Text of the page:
ESPE Abstracts (2016) 86 P-P2-506

Long Term Outcomes after Hospital Based, Life-Style Weight Loss Intervention During Childhood

Toby Candlera, Christina Weia,b, Elizabeth Crownea & Julian Shielda,c


aBristol Royal Hospital for Children, Bristol, UK; bSt George’s Hospital, London, UK; cNIHR Bristol Biomedical Research Unit in Nutrition, University of Bristol, Bristol, UK


Background: Weight loss interventions for obesity have shown variable short-term effects in adolescents and children, but data on longer-term benefits are sparse.

Aim: To describe longer-term impact of lifestyle weight loss interventions in adolescent obesity.

Method: Obese subjects previously underwent lifestyle weight loss interventions at a hospital-based clinic were invited to participate in metabolic re-assessment. Outcome measures included: blood pressure (BP), BMI-Z, lipid profile, alanine aminotransferase (ALT), fat% from bioimpedance and oral glucose tolerance tests (OGTT). Data were compared by Mann-Whitney U tests at 5% significance and reported in median (ranges).

Results: 25 (M=10) subjects were recruited. Median age was 14.1 (9.5–17.6) years at the beginning of intervention and 18.2 (16.1–24.8) years at re-assessment. With lifestyle interventions, after 3.5 (1.4–14.1) years, 28% (7/25) had BMI-Z reduction of >0.25 from baseline (responders). Responders demonstrated significant reduction in BMI-Z (2.98 vs 3.36, P=0.017), total fat% (35.1 vs 46.2, P=0.003), systolic BP (115 vs 136 mmHg, P=0.007) and glucose area-under-the-curve from OGTT (11.7 vs 15.2, P=008) at re-assessment compared with baseline. Non-responders showed significant increases in total fat% (47.2 vs 40.2, P=0.03) and trunk fat % (44.9 vs 33.7, P=0.03). At re-assessment, responders compared with non-responders showed significant differences in BMI-Z changes (−0.4 vs 0.36, P=0.034), BMI-Z (2.98 vs 3.34, P=0.034), total fat% (35.1 vs 47.2, P=0.001), trunk fat % (34.2 vs 44.9, P=0.005), 120 min insulin from OGTT (16.3 vs 92.4 mU/l, P=0.029), ALT (26 vs 34 U/l, P=0.041), and better insulin sensitivity (ISIcomp: 3.81 vs 1.73, P=0.021). There were no differences in diastolic BP or lipid profile.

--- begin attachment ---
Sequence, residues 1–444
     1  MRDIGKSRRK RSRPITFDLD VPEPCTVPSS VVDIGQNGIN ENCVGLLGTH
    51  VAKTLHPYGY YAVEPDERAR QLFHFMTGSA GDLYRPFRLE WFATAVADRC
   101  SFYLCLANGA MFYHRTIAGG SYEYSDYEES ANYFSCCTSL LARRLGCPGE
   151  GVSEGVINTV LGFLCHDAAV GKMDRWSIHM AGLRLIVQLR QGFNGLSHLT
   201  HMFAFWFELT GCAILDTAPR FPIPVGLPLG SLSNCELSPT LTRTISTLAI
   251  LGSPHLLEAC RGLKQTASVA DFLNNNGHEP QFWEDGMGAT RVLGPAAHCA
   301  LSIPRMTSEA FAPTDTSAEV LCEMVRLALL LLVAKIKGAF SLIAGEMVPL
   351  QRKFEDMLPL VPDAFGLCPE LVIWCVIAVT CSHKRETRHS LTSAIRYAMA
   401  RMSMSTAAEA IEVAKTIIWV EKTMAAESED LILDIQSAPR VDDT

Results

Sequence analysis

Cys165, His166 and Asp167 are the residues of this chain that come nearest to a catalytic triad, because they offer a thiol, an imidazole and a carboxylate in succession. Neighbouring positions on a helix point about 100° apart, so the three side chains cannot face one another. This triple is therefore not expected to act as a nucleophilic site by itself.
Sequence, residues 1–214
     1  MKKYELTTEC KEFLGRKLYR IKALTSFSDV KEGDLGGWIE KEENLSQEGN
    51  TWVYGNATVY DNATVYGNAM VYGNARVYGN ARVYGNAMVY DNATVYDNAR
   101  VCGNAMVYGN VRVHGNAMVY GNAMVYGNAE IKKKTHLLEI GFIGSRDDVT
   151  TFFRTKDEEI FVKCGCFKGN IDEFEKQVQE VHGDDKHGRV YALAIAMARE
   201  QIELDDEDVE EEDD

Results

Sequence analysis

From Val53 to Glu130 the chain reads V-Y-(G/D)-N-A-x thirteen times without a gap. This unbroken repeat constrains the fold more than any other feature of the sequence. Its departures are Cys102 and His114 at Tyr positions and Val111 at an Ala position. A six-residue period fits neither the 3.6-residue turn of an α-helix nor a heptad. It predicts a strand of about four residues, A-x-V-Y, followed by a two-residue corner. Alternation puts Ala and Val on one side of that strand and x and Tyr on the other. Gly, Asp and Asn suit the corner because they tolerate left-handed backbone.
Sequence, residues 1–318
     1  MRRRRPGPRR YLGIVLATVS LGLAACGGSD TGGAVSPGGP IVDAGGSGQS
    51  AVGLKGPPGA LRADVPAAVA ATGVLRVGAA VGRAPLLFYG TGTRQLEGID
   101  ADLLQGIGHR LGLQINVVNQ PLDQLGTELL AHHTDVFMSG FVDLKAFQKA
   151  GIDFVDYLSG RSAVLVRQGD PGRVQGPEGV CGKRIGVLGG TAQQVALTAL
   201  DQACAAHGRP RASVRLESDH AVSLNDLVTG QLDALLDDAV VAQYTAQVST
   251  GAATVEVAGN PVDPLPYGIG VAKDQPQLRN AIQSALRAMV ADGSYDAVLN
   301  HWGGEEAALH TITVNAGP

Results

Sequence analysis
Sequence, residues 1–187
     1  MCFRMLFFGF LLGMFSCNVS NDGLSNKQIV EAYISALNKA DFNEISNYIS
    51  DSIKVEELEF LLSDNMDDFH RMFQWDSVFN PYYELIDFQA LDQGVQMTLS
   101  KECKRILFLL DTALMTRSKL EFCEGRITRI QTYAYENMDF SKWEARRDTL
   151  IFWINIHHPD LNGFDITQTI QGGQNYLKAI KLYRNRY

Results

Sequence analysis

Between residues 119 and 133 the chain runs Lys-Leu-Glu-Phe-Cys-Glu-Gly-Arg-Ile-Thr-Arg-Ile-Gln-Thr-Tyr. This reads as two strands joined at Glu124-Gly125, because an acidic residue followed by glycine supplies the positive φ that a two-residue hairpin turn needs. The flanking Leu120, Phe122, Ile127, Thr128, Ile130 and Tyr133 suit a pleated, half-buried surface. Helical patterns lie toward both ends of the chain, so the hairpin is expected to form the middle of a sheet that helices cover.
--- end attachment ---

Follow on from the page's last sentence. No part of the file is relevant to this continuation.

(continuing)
Conclusion: These data suggest that slightly >1/4 obese adolescents benefit in the longer term after lifestyle modification interventions with associated improvements in body composition and metabolic parameters in young adulthood. Whilst, by no means ubiquitous in effect, a simple intervention that improves the anthropometrics and metabolic health in the longer-term of one in four obese adolescents undergoing therapy is encouraging given the pandemic of adult obesity.

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